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  1. #2451
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    Cheers for that.

    Quote Originally Posted by Bravo20 View Post
    ...You would be waiting a long time for the DOD to fight for a bigger budget.
    Why is this? How has that mindset developed within the DOD - is just within the DOD or within the whole civil service, is it political directive that politicians hide behind?

  2. #2452
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    Quote Originally Posted by ropebag View Post
    Cheers for that.

    Why is this? How has that mindset developed within the DOD - is just within the DOD or within the whole civil service, is it political directive that politicians hide behind?
    To me (and I'm open to correction) it's been a feature of the DOD since the foundation of the state, with spending on defence being seen as something to be prevented, from the state of play before WW2 through to UN Deployments to today, it seems to always be as little as possible and as limited as possible. It's certainly not a wide spread feature of the civil service (looks at the never ending beast that is Health), just seems to be Defence that is stuck with this mindset and due to public/political apathy on the subject they get away with it.

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  4. #2453
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    Quote Originally Posted by ropebag View Post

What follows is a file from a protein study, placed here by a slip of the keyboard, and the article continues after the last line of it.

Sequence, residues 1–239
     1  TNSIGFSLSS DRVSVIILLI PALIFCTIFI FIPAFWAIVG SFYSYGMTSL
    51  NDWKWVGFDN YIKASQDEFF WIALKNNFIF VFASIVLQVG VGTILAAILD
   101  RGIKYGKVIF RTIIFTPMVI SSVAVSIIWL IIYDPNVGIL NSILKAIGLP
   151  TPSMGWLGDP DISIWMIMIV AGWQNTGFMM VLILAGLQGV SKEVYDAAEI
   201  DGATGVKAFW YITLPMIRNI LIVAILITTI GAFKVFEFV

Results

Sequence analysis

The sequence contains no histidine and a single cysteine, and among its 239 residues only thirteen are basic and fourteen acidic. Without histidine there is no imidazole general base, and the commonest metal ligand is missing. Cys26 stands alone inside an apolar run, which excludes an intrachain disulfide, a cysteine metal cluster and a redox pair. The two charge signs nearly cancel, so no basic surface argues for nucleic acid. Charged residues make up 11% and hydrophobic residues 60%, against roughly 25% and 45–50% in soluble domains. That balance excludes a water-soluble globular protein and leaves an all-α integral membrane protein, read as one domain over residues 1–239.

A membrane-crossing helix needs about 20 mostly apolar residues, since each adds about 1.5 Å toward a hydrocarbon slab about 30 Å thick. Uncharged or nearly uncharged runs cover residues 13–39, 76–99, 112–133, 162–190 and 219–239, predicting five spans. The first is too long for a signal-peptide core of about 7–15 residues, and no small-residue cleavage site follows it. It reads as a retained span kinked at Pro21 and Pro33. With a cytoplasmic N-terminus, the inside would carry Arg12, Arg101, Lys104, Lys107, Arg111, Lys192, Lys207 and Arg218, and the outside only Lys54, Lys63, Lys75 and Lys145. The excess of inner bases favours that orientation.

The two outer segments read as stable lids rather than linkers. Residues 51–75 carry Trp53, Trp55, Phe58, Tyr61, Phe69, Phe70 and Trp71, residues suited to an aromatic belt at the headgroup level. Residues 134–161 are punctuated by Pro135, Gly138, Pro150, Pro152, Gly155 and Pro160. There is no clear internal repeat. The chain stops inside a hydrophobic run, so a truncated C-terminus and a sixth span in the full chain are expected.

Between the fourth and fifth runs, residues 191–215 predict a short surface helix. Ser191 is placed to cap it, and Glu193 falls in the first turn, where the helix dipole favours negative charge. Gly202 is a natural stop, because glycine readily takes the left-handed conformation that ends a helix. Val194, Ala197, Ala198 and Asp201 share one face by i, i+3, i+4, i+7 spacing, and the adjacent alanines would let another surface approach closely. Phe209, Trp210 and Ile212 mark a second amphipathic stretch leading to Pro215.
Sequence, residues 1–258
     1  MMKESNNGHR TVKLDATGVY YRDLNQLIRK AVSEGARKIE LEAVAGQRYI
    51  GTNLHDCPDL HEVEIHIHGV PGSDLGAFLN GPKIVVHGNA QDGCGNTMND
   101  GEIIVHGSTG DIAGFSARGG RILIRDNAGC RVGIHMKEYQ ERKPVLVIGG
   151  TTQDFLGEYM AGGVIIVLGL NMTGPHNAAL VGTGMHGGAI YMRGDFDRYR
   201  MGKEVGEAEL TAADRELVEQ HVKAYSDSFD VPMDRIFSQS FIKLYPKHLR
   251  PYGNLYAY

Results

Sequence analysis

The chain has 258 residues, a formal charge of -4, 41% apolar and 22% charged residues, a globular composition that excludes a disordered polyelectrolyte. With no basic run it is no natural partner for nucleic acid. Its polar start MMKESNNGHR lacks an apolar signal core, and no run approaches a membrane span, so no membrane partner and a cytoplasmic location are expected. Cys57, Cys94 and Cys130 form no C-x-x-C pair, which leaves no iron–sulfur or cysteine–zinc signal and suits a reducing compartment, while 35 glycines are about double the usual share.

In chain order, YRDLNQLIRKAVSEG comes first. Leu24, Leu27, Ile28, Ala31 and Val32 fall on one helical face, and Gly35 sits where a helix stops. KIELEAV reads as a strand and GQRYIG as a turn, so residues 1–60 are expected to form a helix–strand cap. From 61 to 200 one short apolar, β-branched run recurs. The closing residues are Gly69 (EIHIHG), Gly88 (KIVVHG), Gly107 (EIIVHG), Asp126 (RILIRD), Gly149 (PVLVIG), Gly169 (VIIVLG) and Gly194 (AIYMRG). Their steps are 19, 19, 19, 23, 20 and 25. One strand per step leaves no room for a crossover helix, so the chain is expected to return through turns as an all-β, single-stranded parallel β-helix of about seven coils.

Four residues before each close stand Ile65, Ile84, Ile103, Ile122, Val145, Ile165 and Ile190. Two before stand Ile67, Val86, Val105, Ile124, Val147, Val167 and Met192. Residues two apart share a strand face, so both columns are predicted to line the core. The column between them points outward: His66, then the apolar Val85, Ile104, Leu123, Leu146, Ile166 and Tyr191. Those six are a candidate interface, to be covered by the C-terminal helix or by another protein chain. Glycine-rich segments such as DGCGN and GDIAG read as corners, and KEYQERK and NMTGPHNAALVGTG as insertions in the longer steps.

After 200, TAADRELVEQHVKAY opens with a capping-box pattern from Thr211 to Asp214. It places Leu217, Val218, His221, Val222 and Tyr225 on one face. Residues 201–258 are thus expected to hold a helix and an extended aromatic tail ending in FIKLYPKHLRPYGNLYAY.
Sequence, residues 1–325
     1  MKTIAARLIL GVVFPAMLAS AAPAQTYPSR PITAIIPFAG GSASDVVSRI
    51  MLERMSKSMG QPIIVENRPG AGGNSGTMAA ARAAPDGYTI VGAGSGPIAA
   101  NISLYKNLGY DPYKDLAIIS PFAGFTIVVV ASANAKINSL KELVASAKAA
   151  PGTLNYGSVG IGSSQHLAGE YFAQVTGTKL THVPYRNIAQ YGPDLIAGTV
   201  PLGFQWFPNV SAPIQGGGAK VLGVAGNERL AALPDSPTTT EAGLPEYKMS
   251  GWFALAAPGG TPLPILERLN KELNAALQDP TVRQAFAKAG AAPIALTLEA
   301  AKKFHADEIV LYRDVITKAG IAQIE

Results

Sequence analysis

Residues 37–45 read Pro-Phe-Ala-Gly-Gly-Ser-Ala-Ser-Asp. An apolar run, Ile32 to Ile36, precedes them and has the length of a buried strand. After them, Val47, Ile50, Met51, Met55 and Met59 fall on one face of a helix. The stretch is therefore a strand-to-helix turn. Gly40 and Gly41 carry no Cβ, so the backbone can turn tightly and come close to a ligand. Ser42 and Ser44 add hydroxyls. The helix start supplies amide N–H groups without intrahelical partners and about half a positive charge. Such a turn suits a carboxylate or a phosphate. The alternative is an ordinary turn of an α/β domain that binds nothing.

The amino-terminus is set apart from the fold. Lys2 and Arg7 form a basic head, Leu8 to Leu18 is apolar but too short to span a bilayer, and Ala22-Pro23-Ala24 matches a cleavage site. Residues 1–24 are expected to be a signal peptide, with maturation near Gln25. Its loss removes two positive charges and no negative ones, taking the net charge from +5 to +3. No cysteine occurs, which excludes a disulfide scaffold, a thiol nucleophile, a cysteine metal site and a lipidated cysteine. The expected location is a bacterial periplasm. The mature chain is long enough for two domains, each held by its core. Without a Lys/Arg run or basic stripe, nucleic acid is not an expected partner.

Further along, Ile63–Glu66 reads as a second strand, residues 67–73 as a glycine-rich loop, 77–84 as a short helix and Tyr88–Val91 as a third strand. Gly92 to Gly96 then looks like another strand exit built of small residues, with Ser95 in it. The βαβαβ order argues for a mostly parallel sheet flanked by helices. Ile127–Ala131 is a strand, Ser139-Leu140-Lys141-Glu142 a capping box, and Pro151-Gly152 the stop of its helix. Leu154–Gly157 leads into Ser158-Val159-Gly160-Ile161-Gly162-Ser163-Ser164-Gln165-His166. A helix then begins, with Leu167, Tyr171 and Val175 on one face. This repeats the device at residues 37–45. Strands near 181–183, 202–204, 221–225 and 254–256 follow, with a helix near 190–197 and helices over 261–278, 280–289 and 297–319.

Cheers for that.



    Why is this? How has that mindset developed within the DOD - is just within the DOD or within the whole civil service, is it political directive that politicians hide behind?
    Senior civil servants, traditionally, have been rewarded for efficiency. Many equate working under budget to efficiency. The better ones see achieving all the department objectives within, or over budget as success. Sadly the DoD have decided that consistently returning a surplus to the exchequer is to be considered efficient use of funds, and thus, success. Their epartment roles say little about ensuring the Defence Forces are able to achieve their set objectives. In 2016, Program for Government outlined the following goals for the DoD.
    • Employment support scheme
    • Double Female participation in Defence forces
    • OEP will examine creation of a Rapid Response unit, led by Dept of Environment to deal with severe weather incidents
    • Implement white paper on defence (this is the order in which goals were set)
    • Provide for move from 8 to 9 ship Navy, More armoured & Logistic vehicles Modernise Athlone (so the locals don't think its about to close) and get new aircraft(to replace old ones) and building in Baldonnel.